Paolo Boffetta – How Does Smoking Lead to Cancer
Studies worldwide say smoking is the primary cause of cancer that can be prevented by an individual. A cigarette contains many toxic chemicals that have the potential to damage the DNA in cells. In fact, 85% of lung cancer is caused due to smoking. At the same smoking also contributes to cancers in the bladder, esophageal, neck, and head.
Paolo Boffetta – Smoking and its adverse effects on the cells in your body
Paolo Boffetta is an esteemed epidemiologist and Director of the Institute for Translational Epidemiology currently involved in cancer research. Epidemiology is the healthcare arena that focuses on the incidence, distribution, and the potential control of illnesses, diseases, and other factors related to health. In this field, trained epidemiologists pay attention to and study patterns, causes, and the effect of an illness or disease in the human population.
It offers scientific footings as evidence that permits the placement of strategies for the improvement of public health. The field depends upon social sciences, biology, biostatistics, and the assessment of risks that expose threats.
Carcinogens present in cigarette smoke affects DNA
Dr. Boffetta says smoking and alcohol consumption are the two main causes of cancer across the world.When it comes to cancer research with regard to smoking, he says the discovery that smoke from cigarettes causes cancer came out approximately in the 1960s. Scientists observed molecules in the smoke with carcinogens can bind to the DNA of the cell. As DNA is regarded to be your blueprint for healthy living, it is obvious that anything strong enough to corrupt the DNA will cause trouble.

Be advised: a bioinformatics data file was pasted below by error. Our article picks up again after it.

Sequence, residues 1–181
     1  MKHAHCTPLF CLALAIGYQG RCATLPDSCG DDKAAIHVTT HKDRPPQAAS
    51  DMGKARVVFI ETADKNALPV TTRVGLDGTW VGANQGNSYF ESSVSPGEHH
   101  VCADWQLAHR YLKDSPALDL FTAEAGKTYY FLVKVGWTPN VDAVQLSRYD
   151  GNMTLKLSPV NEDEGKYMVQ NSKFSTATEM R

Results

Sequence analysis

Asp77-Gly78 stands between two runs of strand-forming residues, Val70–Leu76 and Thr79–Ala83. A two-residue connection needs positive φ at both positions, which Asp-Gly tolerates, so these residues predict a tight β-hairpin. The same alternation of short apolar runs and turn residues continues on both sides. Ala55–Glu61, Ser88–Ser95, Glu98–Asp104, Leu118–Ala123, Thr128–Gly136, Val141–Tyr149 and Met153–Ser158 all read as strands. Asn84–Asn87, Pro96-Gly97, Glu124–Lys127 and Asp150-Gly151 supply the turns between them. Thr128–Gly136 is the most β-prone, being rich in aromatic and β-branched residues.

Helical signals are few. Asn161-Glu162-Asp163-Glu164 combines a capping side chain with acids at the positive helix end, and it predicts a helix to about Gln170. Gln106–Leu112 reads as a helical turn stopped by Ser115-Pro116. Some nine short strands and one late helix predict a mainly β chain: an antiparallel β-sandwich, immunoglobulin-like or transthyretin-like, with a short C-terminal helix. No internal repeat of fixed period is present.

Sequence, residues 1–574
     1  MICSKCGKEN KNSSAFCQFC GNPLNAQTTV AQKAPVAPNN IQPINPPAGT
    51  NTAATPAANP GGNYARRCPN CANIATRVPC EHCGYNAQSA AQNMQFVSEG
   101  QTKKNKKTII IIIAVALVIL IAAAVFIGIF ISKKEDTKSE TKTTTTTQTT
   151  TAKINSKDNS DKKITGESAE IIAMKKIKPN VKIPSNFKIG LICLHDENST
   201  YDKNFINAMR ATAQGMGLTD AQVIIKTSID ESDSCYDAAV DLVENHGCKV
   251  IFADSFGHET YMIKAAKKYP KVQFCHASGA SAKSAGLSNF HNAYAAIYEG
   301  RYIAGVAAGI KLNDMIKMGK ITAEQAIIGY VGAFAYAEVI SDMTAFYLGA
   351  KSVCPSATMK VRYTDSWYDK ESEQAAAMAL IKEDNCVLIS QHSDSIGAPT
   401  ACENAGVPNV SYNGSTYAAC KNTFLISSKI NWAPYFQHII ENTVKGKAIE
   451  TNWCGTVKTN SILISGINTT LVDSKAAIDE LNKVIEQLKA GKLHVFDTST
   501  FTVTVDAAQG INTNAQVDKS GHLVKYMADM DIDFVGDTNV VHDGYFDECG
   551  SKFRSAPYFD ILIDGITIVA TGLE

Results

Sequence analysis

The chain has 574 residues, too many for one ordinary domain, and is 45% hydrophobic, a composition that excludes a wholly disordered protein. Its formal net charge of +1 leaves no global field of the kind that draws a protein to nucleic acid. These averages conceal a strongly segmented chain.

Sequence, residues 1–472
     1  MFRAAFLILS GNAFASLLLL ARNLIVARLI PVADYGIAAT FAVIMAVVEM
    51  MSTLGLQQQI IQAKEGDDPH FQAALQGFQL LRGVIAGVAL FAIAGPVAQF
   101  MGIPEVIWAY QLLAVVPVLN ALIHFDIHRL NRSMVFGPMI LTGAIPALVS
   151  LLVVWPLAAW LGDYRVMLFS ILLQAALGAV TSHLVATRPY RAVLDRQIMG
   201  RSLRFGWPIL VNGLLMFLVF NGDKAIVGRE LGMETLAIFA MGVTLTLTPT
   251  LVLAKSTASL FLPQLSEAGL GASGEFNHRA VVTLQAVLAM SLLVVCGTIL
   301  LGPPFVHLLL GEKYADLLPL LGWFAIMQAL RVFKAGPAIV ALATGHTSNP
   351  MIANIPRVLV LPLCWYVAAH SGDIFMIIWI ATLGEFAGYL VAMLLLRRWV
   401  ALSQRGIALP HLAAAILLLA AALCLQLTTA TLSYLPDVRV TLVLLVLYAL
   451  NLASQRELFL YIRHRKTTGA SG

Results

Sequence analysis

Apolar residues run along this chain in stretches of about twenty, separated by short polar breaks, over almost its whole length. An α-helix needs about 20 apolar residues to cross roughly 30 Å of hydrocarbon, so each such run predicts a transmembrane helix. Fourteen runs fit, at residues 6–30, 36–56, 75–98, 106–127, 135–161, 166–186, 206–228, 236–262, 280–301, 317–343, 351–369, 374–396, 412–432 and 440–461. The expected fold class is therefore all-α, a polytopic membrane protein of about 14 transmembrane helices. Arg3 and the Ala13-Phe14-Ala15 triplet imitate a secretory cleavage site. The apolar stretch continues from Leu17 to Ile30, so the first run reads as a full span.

Smoke in cigarettes- what do they contain?
There are about 7000 and more different chemicals present in the smoke of cigarettes, and above 70 of them are carcinogens. One of the most studied carcinogens of them all is benzol[a]pyrene, also known as BP. BP is that ring-shaped chemical known as a polycyclic aromatic hydrocarbon that is created when you burn any organic matter, for instance, the leaf of a tobacco plant. When this smoke goes inside the body of a person, it has the ability to correct the DNA in cells leading to mutations causing cancer. Note, BP is also found in the smoke of soot, coal tar, charred meat, and car exhaust systems.
Like several foreign chemicals absorbed by the body, BP is generally processed by enzymes so that it becomes water-soluble. This transformation again permits the kidneys in the body to excrete these foreign chemicals via urine; however, the water-soluble form of BP known as epoxides is the best when it comes to binding strongly with the DNA in the cell.
As stated by Paolo Boffetta, the cells in the human body can remove a few of these adducts with special DNA repair enzymes. However, in some cases, these adducts stay stuck to the DNA in the cell resulting in a multitude of problems. The mouth, lungs, and bladder are the most common places for cancers caused by smoking as they are the locations where these epoxides are created and travel to the maximum.